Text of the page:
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Using Melatonin to Treat Insomnia


Melatonin Studies

Researchers gave a group of elderly insomniacs melatonin and found that the hormone significantly improved sleep maintenance, compared with a placebo.

In another study, 35 elderly insomniacs were given either 2 milligrams of melatonin or a placebo two hours before they went to bed. The groups were tested for two weeks. Those taking melatonin reported the most improvement in sleep patterns.

In a 1995 study in Israel, older people with sleep problems were given melatonin two hours before bedtime for seven days. Then researchers monitored the subjects' sleep and wake patterns. Melatonin, the scientists concluded, was effective for improving sleep maintenance.

A study in the journal Lancet suggested that controlled-release melatonin may help older people to stay asleep. Israeli researchers asked 12 people in their 70s and 80s, all of whom weren't producing enough melatonin at night, to take either placebo tablets or tablets that slowly release 2 milligrams of melatonin. After three weeks, the melatonin takers were falling asleep somewhat faster, waking for shorter periods after falling asleep, and spending more time asleep.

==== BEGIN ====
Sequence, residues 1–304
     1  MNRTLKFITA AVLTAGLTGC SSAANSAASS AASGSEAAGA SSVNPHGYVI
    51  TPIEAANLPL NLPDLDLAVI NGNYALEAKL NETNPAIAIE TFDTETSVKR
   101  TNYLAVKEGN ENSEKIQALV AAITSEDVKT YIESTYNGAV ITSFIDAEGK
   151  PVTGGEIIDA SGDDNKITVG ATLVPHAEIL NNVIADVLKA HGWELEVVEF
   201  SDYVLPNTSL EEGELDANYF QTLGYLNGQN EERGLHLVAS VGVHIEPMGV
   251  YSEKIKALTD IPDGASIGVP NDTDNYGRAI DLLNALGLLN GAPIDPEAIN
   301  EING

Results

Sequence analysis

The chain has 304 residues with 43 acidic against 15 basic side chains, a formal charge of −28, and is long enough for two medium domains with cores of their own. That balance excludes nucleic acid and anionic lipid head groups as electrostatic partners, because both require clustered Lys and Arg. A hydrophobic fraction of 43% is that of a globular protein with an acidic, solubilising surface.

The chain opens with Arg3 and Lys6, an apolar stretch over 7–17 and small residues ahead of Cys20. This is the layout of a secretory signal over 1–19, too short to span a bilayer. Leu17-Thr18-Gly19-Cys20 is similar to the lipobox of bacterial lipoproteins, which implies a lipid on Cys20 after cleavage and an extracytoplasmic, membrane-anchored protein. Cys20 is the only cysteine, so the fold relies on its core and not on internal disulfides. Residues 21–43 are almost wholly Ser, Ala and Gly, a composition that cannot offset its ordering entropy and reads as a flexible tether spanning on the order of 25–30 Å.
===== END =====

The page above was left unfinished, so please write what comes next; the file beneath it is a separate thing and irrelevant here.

Still other studies have confirmed previous reports of melatonin's efficacy:

  • A 1994 trial reported in the journal Neuroreport found that melatonin helped insomniacs to fall asleep nearly two hours sooner than usual.
  • A 1995 study in the European Journal of Pharmacology showed that melatonin even improves napping. Young adults were treated with 3 to 6 milligrams of melatonin or a placebo. Those taking melatonin reported that they were able to get to sleep sooner and stay asleep longer than placebo-taking subjects. The melatonin group members also assessed the quality of their sleep as "deeper" than normal.
  • Ten healthy young men were given tablets containing fast-release melatonin, controlled-release melatonin, or a placebo at 11 a.m. In the afternoon, they were asked to take naps. Those taking melatonin reported that the supplement helped them to fall asleep more quickly and to sleep better than usual.
  • Researchers gave melatonin to 225 insomniacs and monitored their progress. Within three days, the subjects receiving melatonin reported significantly better quality of sleep and a feeling of "freshness" in the morning.

One metanalysis (a review of multiple studies that treats all the data as if it were part of one large study) did conclude that melatonin is ineffective for jet lag. However, this metanalysis was biased by a few negative studies. Still, the study found melatonin safe to use. Further research is needed, but melatonin should be viewed as a safe alternative to treat insomnia or jet lag.


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